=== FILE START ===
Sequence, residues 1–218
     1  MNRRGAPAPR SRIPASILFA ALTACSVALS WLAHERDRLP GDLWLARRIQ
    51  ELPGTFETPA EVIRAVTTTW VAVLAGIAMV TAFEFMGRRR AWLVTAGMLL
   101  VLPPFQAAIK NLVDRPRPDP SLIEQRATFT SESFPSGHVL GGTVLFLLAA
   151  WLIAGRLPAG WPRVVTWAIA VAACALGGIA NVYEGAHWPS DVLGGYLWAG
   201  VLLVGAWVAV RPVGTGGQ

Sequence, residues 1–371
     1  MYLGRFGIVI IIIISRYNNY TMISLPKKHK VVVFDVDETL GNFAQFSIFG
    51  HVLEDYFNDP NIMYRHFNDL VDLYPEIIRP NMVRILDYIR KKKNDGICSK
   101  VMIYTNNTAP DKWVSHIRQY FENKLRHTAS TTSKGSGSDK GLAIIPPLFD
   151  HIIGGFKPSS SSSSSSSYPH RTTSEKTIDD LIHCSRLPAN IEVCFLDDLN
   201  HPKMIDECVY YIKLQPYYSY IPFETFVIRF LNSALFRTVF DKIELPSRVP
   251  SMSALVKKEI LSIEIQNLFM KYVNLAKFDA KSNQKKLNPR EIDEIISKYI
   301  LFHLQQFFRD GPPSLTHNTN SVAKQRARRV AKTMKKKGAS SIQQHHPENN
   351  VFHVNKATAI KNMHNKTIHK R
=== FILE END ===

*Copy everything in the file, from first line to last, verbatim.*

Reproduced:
Sequence, residues 1–218
     1  MNRRGAPAPR SRIPASILFA ALTACSVALS WLAHERDRLP GDLWLARRIQ
    51  ELPGTFETPA EVIRAVTTTW VAVLAGIAMV TAFEFMGRRR AWLVTAGMLL
   101  VLPPFQAAIK NLVDRPRPDP SLIEQRATFT SESFPSGHVL GGTVLFLLAA
   151  WLIAGRLPAG WPRVVTWAIA VAACALGGIA NVYEGAHWPS DVLGGYLWAG
   201  VLLVGAWVAV RPVGTGGQ

Sequence, residues 1–371
     1  MYLGRFGIVI IIIISRYNNY TMISLPKKHK VVVFDVDETL GNFAQFSIFG
    51  HVLEDYFNDP NIMYRHFNDL VDLYPEIIRP NMVRILDYIR KKKNDGICSK
   101  VMIYTNNTAP DKWVSHIRQY FENKLRHTAS TTSKGSGSDK GLAIIPPLFD
   151  HIIGGFKPSS SSSSSSSYPH RTTSEKTIDD LIHCSRLPAN IEVCFLDDLN
   201  HPKMIDECVY YIKLQPYYSY IPFETFVIRF LNSALFRTVF DKIELPSRVP
   251  SMSALVKKEI LSIEIQNLFM KYVNLAKFDA KSNQKKLNPR EIDEIISKYI
   301  LFHLQQFFRD GPPSLTHNTN SVAKQRARRV AKTMKKKGAS SIQQHHPENN
   351  VFHVNKATAI KNMHNKTIHK R